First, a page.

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Is Now the Best Time to Ramp Up Your Startup's Marketing Budget? Key insights and fail-safes that will prevent owners from blowing through too much cash, too soon.

By Douglas Wilber Edited by Bill Schulz

Opinions expressed by Entrepreneur contributors are their own.

Many startup leaders think that the more money they feed into their marketing budgets, the faster they'll gain traction. For B2B companies, however, nothing could be further from the truth.

A 2021 CB Insights study found that nearly 4 in 10 organizations hit rock bottom because they either outran their fiscal runway or couldn't raise new funding. Spending too much too soon on marketing can lead to both of those problems.

B2B marketing differs from that of B2C because it's typically more involved, requiring a dedicated sales team to close deals. You can't just throw a bunch of marketing on the wall to see what sticks, you have to work closely with your sales team to listen and learn from customers.

Related: How to succeed in the world of entrepreneurship and not die trying?

The consequences of overzealous spending

It can be tempting to scale your business from the get-go with flashy brand awareness campaigns. But until you've done the work to find out what your sales team needs, fully understand your customers, perfect your product and craft your messaging? Marketing can be a losing proposition in B2B.

For starters, you could end up saying the wrong thing to the wrong people because you haven't been listening to consumers long enough. It doesn't make sense to get on a megaphone with the wrong message.

Even if you say some right things, your product might not be ready to deliver the results you're promising. Customers will be unhappy and share their experiences with others. You'll end up spinning your wheels trying to regain a solid brand reputation.

Premature marketing can also present issues with raising capital. Let's say you put tons of cash into marketing and get only 10 customers out of it. Your customer acquisition cost will be sky-high, which investors won't appreciate.

Related: Investment Deals Are at Historic Levels. Want to Be Part of It? Be Ready to Answer These 4 Questions.

Spending your marketing budget in the early stages

My company, a B2B SaaS provider, spent a lot of time strategizing before we really started putting fuel on the marketing fire. We aligned sales and marketing from the get-go to hone our core audience and find out what customers needed. Then, we expanded our verticals, developed industry partnerships to boost our credibility and even merged with another company to expand our product's capabilities. Now, both our product and our team are ready to successfully handle the outcome of our marketing.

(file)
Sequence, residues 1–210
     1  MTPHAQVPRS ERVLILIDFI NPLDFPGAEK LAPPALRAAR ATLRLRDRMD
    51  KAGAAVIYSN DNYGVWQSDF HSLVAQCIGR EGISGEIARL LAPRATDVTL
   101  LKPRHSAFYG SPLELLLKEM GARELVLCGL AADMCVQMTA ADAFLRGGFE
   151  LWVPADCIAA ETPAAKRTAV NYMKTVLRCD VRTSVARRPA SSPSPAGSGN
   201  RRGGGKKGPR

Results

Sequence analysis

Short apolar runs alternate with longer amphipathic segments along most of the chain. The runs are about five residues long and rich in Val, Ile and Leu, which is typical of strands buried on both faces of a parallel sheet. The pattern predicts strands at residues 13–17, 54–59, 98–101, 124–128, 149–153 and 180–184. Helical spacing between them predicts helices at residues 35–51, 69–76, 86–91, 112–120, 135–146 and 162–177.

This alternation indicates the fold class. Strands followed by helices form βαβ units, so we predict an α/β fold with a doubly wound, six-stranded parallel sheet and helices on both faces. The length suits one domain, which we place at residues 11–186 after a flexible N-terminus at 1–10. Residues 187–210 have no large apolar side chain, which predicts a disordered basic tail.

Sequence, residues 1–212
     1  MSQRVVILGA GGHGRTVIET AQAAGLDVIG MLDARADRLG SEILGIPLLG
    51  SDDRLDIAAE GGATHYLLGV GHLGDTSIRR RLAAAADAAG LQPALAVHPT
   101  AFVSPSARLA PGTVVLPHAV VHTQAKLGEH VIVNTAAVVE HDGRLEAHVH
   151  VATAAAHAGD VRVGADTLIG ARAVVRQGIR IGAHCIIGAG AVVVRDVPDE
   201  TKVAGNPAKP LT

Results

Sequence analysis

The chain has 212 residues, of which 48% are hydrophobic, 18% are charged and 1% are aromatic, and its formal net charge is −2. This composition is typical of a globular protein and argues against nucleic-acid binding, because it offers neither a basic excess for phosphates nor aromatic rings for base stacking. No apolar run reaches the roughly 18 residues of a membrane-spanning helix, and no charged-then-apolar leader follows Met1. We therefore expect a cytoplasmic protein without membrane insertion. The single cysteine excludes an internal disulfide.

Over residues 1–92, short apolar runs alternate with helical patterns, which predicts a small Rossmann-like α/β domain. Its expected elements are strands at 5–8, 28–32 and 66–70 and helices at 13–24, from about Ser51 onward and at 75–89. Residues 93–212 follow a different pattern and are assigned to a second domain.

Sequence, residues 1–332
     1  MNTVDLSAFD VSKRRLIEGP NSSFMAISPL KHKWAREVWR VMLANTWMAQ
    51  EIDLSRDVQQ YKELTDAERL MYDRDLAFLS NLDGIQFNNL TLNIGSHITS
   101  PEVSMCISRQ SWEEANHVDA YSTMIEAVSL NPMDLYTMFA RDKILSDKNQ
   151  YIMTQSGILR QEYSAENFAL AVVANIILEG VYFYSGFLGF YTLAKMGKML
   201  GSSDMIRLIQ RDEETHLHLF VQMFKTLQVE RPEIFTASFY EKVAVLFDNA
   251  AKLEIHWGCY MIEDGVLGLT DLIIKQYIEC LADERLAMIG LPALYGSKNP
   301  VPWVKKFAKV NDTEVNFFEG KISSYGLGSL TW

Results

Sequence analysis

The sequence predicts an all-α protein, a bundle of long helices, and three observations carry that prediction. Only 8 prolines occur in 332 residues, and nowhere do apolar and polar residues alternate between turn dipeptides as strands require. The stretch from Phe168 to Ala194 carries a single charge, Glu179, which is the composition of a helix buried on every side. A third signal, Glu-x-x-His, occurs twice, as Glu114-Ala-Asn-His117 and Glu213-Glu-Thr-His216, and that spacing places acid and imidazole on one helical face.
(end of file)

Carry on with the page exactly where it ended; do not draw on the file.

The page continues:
Assess your readiness with the following questions:

Have you honed your message?

Focus on customer pain points and how your product or services solve them. You'll need to spend some time and money on audience research, but that's better than wasting dollars on messaging that doesn't resonate.

My company saw the opportunity to fill a gap for our target market and focused messaging around it. Our social media management software serves regulated industries, such as financial services and insurance, that must abide by regulatory guidelines for electronic communications. A primary pain point for these industries is that most social media management software companies design their products for consumer brands or small businesses. Regulated industries can't rely on those tools to help them stay compliant, so we built compliance controls into our platform and highlighted our purpose-built strategy in our messaging.

Remember, you may have to deliver your message as many as a dozen times for it to resonate. Sales will be critical to establishing the core group of satisfied customers you'll need to build your credibility and reputation for future growth.

Is your product ready?

For many B2B startups, like those in SaaS, data can give you an exact picture of how clients are using your product and where you can improve. Ensure that your offering can effectively solve clients' pain points before you put out marketing messaging promising how it will help.

Team-based work management tool Asana identifies "engagement" as one of its key benefits to customers. To back up that message in its product, the company focuses on product research to measure how clients engage with the tool. One way Asana gathers feedback is through its "Voice of the Customer" program, which involves client surveys about their satisfaction with the tool over time.

Ask, listen and then improve over time.

Is your team prepared?

Clients are increasingly demanding that their vendors have the in-house resources and framework to chart a path for success. It's no wonder LinkedIn's 2020 Emerging Jobs report found that customer success specialists are one of the fastest-growing positions.

Your first job as a startup leader is to build a solid product and scaleable company, not to develop a marketing agency. Play it safe with your startup's budget until you can check off all-of-the-above boxes. Work closely with your sales team as you research, listen, test and improve---THEN ramp up your marketing efforts.

Related: Today, reputation is online: 4 simple tips to maintain a good digital image of your business

Douglas Wilber

Entrepreneur Leadership Network® VIP

CEO of Denim Social

Doug Wilber is the CEO of Denim Social, a social media management software company that provides tools to empower marketers in regulated industries to manage organic social media content and paid social media advertising on one platform.

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